The eye diagram for signal ML shows that the amplitude is still the same as it was for signals M and L, but the period is now T/2. If we flip that number upside down, we get the bandwidth, 2/T. We retain the SNR requirement related to A, but the required bandwidth for the signal has doubled. So it's good news and bad news on SNR and bandwidth, respectively.
We need a way to double the bit rate in the channel without doubling the required bandwidth, and that's where PAM4 enters the picture. PAM4 takes the L (Least Significant Bit) signal, divides it in half, and adds it to the M (Most Significant Bit) signal. The result is four signal levels instead of two, with each signal level corresponding to a two-bit symbol.
The PAM4 signal looks like trace M+L/2 in Figure 1. At the lowest level is 00, followed by 01, 10, and 11, respectively. PAM4 indicates pulse-amplitude modulation, with the "4" indicating four levels of pulse modulation.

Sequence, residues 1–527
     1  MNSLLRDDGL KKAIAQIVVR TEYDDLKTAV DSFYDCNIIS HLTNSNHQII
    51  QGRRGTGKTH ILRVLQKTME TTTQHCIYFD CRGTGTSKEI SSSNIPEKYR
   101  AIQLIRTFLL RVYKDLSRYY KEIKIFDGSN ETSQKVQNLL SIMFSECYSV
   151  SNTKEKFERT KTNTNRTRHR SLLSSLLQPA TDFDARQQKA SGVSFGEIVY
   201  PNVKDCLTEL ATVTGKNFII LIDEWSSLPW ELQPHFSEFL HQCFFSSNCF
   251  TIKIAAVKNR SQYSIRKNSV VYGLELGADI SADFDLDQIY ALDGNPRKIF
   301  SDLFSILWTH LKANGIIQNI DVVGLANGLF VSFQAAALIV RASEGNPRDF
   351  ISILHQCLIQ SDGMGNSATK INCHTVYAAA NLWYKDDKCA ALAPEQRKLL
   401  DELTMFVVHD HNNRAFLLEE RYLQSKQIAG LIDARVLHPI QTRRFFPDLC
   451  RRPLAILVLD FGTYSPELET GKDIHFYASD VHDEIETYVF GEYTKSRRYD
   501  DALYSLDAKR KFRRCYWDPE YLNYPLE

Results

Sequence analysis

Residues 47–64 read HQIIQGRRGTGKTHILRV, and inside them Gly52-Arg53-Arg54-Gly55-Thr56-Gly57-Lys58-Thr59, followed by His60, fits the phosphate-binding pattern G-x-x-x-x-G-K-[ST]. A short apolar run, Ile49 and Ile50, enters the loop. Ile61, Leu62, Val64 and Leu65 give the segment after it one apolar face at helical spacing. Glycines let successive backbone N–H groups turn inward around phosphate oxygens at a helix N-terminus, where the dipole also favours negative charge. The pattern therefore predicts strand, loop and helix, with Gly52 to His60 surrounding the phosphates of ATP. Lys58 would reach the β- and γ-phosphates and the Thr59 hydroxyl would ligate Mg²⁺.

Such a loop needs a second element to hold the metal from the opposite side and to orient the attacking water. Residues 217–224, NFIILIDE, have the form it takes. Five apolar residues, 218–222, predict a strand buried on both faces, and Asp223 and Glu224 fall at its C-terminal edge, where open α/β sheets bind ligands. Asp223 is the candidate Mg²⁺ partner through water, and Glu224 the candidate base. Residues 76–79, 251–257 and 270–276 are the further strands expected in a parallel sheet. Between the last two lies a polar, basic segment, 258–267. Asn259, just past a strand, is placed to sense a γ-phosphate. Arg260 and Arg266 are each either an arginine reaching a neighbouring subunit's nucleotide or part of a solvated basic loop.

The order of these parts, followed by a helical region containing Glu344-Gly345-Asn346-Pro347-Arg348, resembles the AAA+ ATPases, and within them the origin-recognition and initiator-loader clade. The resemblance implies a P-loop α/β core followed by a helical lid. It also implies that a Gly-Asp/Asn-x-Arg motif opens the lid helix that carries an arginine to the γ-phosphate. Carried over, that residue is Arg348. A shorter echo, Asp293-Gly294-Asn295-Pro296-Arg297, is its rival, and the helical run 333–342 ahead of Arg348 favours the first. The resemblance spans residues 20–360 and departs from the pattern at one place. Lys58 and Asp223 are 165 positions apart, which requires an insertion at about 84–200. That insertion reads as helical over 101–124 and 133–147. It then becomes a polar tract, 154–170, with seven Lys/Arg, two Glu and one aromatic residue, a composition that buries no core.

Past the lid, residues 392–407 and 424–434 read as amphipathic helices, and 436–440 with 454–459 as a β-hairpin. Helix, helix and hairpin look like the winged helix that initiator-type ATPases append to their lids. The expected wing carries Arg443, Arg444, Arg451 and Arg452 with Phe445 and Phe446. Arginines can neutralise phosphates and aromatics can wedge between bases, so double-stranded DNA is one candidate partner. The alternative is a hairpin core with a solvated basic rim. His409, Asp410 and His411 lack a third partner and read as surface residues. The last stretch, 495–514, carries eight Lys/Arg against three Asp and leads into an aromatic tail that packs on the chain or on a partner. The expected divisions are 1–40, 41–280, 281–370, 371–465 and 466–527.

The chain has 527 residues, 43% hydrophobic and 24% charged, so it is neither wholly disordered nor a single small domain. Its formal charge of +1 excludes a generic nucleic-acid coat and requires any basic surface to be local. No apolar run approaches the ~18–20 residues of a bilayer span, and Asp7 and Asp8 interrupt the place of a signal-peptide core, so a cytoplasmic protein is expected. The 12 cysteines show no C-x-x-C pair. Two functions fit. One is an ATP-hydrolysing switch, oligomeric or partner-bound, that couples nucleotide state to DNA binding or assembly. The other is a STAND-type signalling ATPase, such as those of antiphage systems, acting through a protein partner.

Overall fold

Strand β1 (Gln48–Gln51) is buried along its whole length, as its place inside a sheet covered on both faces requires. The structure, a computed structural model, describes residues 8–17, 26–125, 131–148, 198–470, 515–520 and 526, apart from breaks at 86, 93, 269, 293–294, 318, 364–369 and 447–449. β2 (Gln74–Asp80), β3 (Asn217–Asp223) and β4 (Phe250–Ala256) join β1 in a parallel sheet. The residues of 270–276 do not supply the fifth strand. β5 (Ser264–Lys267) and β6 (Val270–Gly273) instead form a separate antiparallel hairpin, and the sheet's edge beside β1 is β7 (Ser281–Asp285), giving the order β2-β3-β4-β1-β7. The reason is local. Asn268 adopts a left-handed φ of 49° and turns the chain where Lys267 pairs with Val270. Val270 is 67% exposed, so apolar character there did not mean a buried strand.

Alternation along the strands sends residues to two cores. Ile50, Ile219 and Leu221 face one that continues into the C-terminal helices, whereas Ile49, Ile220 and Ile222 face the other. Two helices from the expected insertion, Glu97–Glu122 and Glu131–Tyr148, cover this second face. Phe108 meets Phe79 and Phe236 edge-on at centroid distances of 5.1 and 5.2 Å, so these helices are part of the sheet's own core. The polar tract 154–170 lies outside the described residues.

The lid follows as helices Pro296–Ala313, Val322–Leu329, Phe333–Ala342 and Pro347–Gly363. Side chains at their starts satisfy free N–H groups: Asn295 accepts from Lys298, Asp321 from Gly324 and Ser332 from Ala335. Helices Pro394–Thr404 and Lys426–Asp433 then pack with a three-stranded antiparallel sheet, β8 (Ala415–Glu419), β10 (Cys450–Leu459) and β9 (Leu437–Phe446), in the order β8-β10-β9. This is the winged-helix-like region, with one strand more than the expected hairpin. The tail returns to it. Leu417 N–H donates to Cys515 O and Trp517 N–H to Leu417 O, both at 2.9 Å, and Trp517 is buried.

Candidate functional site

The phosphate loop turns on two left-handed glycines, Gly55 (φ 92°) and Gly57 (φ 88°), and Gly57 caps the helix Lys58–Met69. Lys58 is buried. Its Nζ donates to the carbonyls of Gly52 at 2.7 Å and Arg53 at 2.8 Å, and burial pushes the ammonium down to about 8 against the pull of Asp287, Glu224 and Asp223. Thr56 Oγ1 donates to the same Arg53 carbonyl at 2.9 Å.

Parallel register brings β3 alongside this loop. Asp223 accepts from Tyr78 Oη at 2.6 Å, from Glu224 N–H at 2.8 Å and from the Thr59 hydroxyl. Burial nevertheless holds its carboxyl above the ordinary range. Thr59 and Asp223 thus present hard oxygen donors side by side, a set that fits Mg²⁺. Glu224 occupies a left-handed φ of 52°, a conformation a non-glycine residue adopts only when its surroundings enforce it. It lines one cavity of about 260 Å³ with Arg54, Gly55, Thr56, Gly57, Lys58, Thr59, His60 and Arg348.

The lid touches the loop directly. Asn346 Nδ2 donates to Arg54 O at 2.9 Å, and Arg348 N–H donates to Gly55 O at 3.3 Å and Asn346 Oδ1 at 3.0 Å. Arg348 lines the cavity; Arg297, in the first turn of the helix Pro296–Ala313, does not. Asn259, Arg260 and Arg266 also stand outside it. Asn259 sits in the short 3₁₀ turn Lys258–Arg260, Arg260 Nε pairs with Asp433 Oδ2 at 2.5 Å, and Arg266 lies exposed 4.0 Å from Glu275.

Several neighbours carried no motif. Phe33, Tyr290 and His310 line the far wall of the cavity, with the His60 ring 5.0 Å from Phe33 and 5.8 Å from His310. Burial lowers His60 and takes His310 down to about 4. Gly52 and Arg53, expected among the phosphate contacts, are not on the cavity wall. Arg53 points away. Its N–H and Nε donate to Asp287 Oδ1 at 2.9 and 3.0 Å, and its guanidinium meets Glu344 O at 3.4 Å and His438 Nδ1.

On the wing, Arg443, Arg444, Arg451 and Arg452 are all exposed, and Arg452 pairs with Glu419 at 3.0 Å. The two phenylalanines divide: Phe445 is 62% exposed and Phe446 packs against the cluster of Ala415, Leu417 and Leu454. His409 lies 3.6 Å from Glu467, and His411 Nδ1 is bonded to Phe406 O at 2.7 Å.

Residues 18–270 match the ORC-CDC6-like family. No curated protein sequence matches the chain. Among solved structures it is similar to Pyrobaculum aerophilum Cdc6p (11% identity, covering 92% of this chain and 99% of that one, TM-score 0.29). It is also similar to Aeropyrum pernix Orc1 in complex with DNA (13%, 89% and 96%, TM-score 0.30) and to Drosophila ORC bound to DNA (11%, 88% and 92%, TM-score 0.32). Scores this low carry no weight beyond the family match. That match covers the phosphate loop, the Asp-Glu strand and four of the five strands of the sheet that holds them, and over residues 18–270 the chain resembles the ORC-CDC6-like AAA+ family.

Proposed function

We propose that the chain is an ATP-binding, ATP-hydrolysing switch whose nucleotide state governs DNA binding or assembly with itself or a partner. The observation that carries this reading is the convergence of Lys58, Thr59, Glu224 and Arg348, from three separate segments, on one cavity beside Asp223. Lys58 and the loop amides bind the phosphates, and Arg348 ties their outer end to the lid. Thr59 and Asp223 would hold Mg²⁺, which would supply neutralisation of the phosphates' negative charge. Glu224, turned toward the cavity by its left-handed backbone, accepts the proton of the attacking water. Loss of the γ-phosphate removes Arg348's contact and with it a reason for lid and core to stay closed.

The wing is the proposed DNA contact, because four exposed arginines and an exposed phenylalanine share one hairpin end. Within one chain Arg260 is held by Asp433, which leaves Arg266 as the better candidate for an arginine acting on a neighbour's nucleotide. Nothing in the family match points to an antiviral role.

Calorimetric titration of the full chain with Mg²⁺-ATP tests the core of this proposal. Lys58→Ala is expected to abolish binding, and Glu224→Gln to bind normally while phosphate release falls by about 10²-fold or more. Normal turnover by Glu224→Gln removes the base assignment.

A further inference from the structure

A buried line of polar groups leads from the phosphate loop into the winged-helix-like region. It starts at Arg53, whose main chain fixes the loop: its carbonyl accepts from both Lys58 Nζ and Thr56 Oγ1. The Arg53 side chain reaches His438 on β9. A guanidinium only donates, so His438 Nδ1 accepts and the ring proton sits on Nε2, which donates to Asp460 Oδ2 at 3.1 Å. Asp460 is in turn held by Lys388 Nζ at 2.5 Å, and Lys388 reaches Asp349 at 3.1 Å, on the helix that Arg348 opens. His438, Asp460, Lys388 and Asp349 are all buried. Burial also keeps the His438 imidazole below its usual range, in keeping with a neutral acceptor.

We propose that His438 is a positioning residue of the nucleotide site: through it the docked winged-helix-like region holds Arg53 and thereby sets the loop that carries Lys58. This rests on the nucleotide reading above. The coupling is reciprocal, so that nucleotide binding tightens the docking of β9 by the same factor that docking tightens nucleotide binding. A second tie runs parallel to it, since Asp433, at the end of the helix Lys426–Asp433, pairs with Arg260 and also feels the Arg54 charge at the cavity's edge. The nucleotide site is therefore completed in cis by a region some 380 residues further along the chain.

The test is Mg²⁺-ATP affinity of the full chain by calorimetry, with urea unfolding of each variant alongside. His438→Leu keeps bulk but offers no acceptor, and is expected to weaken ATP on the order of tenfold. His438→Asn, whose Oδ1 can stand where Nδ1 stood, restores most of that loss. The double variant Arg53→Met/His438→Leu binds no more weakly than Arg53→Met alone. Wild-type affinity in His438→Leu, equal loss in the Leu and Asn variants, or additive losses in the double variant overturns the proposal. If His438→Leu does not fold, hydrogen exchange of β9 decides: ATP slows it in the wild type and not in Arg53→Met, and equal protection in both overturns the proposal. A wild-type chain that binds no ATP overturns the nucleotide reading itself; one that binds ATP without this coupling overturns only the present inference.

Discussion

An eye diagram for a PAM4 signal is unusual, with three eye openings and four levels stacked vertically as shown in the figure. The bit period (or symbol period) is T. However, the opening of each of these three eyes is A/3. For bandwidth requirement, we roll back to 1/T. Thus, this signal, which moves 56 Gb/s, does so using the same amount of bandwidth as did the ML signal that moved 28 Gb/s. But with the SNR related to A/3, we find that our M+L/2 signal is three times m.
We have, in effect, traded off SNR for bandwidth. Many serial links are bandwidth-constrained, as it's difficult to move much more than 28 Gb/s over any length of copper. But when you have some SNR headroom, it may well pay off to consider a PAM4 modulation scheme.